WASHINGTON, Feb. 17 (UPI) -- It's unlikely the United States will be attacked with weapons of mass destruction though al-Qaida affiliates are pursuing that objective, an official said.
U.S. Director of National Intelligence James Clapper testified before the Senate Armed Services Committee during hearings assessing threats to U.S. national security.
Clapper said it was unlikely that foreign terrorists groups would attack the United States using a chemical, biological, radiological or nuclear weapons within the next year because of what he said was "intense" counter-terrorism pressure.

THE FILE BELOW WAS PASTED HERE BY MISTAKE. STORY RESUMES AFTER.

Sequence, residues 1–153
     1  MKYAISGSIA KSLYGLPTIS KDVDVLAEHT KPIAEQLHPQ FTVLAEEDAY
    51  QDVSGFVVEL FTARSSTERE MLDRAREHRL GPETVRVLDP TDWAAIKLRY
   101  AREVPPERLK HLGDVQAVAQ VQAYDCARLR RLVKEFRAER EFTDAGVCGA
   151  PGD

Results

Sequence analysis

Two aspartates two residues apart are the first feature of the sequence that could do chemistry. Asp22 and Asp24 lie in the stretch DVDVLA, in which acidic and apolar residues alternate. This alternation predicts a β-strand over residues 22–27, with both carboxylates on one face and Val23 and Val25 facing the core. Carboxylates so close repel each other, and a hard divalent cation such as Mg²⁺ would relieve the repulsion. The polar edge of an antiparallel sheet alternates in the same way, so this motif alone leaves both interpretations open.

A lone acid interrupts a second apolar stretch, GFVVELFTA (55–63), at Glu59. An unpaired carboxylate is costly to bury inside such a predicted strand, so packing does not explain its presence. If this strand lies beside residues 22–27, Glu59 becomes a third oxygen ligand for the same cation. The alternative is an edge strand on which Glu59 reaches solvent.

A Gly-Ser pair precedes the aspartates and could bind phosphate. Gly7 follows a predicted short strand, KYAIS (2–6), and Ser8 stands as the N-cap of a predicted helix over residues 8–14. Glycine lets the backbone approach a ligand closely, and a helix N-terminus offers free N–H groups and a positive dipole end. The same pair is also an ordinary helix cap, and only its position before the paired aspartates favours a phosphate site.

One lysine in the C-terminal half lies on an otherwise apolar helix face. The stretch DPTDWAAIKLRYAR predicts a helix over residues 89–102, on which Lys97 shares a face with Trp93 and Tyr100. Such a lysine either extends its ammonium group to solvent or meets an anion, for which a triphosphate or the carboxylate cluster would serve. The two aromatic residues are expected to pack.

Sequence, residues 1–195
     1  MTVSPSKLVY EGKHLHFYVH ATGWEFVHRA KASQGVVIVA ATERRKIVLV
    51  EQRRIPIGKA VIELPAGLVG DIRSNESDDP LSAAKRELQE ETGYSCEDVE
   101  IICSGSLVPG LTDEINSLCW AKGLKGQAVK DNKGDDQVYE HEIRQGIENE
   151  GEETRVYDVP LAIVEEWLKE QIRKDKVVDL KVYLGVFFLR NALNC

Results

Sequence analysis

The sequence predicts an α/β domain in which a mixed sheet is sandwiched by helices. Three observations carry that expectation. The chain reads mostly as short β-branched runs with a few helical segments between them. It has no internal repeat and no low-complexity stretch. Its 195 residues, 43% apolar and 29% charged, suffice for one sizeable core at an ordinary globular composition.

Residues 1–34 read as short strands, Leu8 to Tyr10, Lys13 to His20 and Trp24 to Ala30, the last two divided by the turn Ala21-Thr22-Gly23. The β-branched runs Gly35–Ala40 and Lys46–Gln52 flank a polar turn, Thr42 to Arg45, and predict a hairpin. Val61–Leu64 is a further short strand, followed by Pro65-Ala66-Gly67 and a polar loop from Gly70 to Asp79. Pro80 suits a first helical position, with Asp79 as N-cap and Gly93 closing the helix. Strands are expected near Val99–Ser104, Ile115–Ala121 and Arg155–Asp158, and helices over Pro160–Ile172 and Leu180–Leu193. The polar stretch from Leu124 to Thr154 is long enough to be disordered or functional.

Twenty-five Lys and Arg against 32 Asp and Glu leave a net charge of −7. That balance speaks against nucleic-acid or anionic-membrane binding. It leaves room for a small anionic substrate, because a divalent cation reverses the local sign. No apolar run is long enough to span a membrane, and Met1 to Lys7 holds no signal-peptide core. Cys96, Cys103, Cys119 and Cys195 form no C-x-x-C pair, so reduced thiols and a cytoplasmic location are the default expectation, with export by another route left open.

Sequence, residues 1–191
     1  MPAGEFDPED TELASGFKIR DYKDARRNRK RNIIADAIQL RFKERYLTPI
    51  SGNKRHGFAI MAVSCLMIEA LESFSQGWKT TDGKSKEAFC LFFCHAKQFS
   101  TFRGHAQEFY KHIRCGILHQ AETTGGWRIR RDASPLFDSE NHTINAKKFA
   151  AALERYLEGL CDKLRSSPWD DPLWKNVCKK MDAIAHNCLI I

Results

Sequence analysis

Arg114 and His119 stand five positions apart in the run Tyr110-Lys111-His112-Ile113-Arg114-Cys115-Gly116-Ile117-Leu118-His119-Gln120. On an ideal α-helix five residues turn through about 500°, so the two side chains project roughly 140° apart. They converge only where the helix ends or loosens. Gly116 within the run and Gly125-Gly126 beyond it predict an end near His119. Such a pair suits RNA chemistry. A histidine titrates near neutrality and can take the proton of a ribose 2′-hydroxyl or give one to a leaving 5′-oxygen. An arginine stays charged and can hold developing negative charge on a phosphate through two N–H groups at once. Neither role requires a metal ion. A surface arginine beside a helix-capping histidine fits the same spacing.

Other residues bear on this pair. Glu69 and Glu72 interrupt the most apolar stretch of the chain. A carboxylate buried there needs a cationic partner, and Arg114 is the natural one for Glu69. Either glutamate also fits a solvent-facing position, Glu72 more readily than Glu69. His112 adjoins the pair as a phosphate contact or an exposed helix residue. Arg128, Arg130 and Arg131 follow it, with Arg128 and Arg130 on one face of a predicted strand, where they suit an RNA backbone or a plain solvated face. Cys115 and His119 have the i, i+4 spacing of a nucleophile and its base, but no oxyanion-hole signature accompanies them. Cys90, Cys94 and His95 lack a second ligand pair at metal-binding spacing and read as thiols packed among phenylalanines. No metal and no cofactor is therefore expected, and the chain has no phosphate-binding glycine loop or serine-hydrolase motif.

Nevertheless, he said, the U.S. intelligence community was on high alert from the CBRN threat because of the spread of technology and the minimal infrastructure needed for some of those weapons.
Clapper stressed that while a "mass attack" was unlikely, groups like Yemen's al-Qaida in the Arabian Peninsula have expressed interest in acquiring the capability to carry out a limited attack using such weapons.
AQAP ideologue Anwar al-Awlaki was killed last year in Yemen in an attack by a CIA drone. He was said to have inspired several attacks targeting U.S. national interests, including a plan to down a plane in Detroit on Christmas Day 2009.
Nigerian Umar Farouk Abdulmutallab was sentenced to four life terms Thursday by a U.S. district judge in Detroit for his role in that attack.